Belfast Telegraph

De La Salle College parents to continue protests at crisis-hit Belfast school

By Steven Alexander

Parents at a troubled school in west Belfast have vowed to continue protesting until their demand for an independent investigation into the management of De La Salle College is carried out.

It is understood that a meeting is to take place shortly between the concerned parents and a new school 'troubleshooter' who began work yesterday.

More than 300 people - including parents, pupils, past pupils and teachers - gathered at a public rally last night.

They included West Belfast MP Paul Maskey, SDLP councillor Tim Attwood and his MLA brother Alex.

The beleaguered school has been hit by a bitter dispute between staff and management for more than a year.

In November, a third of teachers called in sick - and some are still on leave due to stress and anxiety, according to Kieran McCormick, vice chairman of the Concerned Parents of De La Salle group. "Some are complete wrecks over how they have been treated," he said.

However, Mr McCormick, whose own child attends the school, said he had been encouraged that De La Salle's new 'associate principal' met protesting parents yesterday as she started her first official day of work at the college.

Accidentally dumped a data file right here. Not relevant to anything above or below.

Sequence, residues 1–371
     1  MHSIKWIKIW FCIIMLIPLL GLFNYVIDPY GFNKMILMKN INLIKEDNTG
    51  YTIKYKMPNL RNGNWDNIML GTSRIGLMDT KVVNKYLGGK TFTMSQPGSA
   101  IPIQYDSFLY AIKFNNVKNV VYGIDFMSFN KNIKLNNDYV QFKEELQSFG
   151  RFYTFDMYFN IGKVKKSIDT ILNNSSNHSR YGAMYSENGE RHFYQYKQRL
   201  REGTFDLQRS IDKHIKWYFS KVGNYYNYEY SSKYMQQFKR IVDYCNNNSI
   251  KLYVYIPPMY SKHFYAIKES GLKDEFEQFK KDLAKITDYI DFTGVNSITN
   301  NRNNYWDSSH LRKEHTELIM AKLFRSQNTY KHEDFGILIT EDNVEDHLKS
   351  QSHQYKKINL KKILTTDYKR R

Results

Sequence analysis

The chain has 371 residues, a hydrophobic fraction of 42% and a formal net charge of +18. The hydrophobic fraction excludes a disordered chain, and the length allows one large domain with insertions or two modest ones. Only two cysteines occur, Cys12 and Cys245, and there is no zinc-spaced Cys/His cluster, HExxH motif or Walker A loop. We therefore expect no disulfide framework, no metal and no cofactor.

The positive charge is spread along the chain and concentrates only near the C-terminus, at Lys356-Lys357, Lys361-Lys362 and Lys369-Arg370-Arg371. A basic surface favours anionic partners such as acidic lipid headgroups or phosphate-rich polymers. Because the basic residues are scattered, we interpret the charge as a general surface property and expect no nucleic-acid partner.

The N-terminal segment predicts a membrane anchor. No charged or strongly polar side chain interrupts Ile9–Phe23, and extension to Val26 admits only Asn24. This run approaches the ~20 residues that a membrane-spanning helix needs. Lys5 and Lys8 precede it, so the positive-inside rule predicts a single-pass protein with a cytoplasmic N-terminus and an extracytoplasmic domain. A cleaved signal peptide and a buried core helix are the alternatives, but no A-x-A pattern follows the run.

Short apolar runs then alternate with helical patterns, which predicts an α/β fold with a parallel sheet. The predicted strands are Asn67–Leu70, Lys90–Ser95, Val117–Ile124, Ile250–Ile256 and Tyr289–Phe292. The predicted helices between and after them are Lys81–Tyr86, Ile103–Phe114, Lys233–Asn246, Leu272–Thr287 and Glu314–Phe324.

Imelda Jordan, former head of St Colm's, Twinbrook, was appointed as part of a strategy to allay parents' concerns.

"We very much welcomed that she met parents," said Mr McCormick.

"She shook hands and reassured us that her priorities are to stabilise the school and the educational needs of the children.

"But the bigger message is that she was the first person to extend any kind of hand to parents."

He said Ms Jordan, who will work alongside headmistress Claire White, accepted a letter inviting her to a private meeting in a few days' time.

Mr McCormick said there were also plans to meet representatives of the Catholic Church and CCMS this week. Mr McCormick said that while outgoing Education Minister John O'Dowd hasn't refused to meet the group, it was now "day 17" since he had been asked. He said there was now "big concern" that pupils sitting public exams need to be given special consideration due to the crisis-hit school's circumstances.

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